Man I didn’t want to come out of the sleeping bag the morning of Day 53. It was cold, but for the first time in a few days it wasn’t raining. I had make my escape from the campground and get on the road again. Get while the getting was good you know. When I unzipped the old kelty tent to face the day I was also faced with another pair of ducks that I’ve heard about, but have yet to see. Rosy, a permanant RVer at Huaco Springs, told me about these ducks a day before. These guys were wild looking. She said they were Egyptian geese. They have the dark markings around there eyes that resemble an ancient egyptian pharaoh. Im not sure how they made it all the way from the Nile River to the Guadalupe, but they looked content in their new home lol. I snapped some pics from a distance since these guys were not quite as tame as the other ones a few days before. After that I wasted no time loading the Goose up and the geese kept there big egyptian eyes on me until I rode off. A brief stop at the campground store to bid my farewells to Laquita and Rosy and I was bound for the big city of San Antonio. On the way I met a fellow named Jim who is a Yamaha enthusiast at a Burger King along 35 south. He came over to me to talk about FZ1’s. Jim was the first person that I’ve met on the trip that knew what my bike was on the first guess. I get a lot of “Is that a BMW?”. To which I say “Nope. That’s a $2500 Yamaha FZ1”. I’m surprised just how many people aren’t familiar with the bike. Jim was very familiar though and he told me one thing that I’m glad to know. His opinion is that the 1st generation FZ1’s are better than the 2nd generation ones and he has experience with both. He and I exchanged emails and I was officially off to San Antone.
Two things in San Antonio are in my 1000 places to see book. The Alamo is one and River Walk is the other and both provided an excellent experience. I made it rather easily right into downtown and to a parking area a few blocks from both attractions. The Alamo was priority number one since I didn’t know how much time it would take to explore the grounds. When I arrived there, I knew very little about the historic signifigance of the building. The Alamo started out as a mission way back in 1724. Missionaries used the building as a place to convert native Indians to christianity. It became a fort in the early 1800’s and became most famous on February 23, 1836 when a rather small group of very brave men tried to fight off a massive attack by the Mexican army. Unfortunatly the men were outnumbered and lost their lives. Their cause was not in vain though, and because of their actions against overwhelming odds, Texans can always feel proud knowing how hard a few fought for their liberty. One of the most interesting things that I did not know before going there is that Davy Crockett, the famed frontiersman, fought at the battle of the Alamo. Since it is now a museum, you can see many of his own belongings along with hundreds of other artifacts from the battle. I was humbled walking through those doors. On a side note, they didn’t allow any photography inside of the buildings.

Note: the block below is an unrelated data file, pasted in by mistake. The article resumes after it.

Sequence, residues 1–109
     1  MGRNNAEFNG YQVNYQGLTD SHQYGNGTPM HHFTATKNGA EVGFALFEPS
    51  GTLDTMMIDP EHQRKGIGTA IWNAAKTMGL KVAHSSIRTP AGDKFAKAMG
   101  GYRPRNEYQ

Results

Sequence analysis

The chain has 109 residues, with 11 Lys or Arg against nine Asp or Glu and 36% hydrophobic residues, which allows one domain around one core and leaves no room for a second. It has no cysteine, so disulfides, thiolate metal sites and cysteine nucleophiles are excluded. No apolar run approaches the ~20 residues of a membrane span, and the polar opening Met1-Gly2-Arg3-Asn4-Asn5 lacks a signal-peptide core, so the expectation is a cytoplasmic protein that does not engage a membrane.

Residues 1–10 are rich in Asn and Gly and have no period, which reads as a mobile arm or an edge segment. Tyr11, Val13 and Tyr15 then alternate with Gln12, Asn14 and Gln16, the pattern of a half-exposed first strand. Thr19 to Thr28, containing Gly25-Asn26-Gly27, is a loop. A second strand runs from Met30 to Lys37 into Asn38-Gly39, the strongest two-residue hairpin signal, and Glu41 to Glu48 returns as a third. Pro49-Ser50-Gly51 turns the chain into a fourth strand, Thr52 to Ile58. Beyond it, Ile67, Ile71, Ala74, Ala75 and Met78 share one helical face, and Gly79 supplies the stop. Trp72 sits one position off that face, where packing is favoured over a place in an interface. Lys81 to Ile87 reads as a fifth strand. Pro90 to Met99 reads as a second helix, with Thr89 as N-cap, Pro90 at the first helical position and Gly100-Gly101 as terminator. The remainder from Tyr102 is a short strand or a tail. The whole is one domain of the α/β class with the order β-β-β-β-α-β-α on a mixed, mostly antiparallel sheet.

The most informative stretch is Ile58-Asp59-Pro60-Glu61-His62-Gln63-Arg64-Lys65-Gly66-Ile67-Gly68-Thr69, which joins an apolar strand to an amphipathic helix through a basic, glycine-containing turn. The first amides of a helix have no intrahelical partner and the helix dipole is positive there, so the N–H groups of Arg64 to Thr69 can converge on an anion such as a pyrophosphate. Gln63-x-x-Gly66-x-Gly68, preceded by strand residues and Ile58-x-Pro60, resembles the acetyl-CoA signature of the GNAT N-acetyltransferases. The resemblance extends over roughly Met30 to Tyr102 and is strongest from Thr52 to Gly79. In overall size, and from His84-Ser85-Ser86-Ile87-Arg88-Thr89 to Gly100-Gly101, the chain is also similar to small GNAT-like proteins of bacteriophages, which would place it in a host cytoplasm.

Next I went to the River Walk. I had no idea what to expect of it before I got there. I knew there would be some shops and bars there, but what exactly was the River Walk? Well what it is, is one of the neatest little places that I’ve ever seen. Basically it’s a canal bordered by a rustic looking stone, concrete, and brick sidewalks on each side. It is lined by some of San Antonios finest buildings. The whole thing is sunken down below the normal street level and features little arched bridge after little arched bridge. You couldn’t get more neat than this place. If you put San Antonio’s River Walk in Charleston, South Carolina you would reach character and charm perfection. Huge cypress trees, jammed packed with Christmas lights, watch over you as you weave your way down one side and back the other. Not wanting to spend any money, I didn’t happen to go into any of the bars or restuarants, but man on a weekend night I bet that place is awesome. Boat tours drift down the canal and add a Venetian feel to the place, although I’ve never been to Venice. I couldn’t put my camera down as I walked through and that explains the larger than normal amount of pics for this post. I will visit this place again when I have more loot.
From San Antonio I stopped just outside of town at a Bass Pro Shop/Outdoor World to get some bear spray. I’ll be spending around a week in mountain lion country in Big Bend National Park in a few days and I’d like to be able to hike without becoming food for one of the big cats. I know it’s extremely rare, but so is winning the lottery, and it happens. I also picked up a warming blanket for a few bucks that I can crawl in first before my sleeping bag if it gets to cold. I’ve been caught off guard by just how cold it is in Texas in the Winter. Going south to Florida seems to be about the only place that I know, in the continental US, where you can skip the chilly season. I miss Key West! After Bass Pro shop, I settled in a room a few miles down 10 west for the night.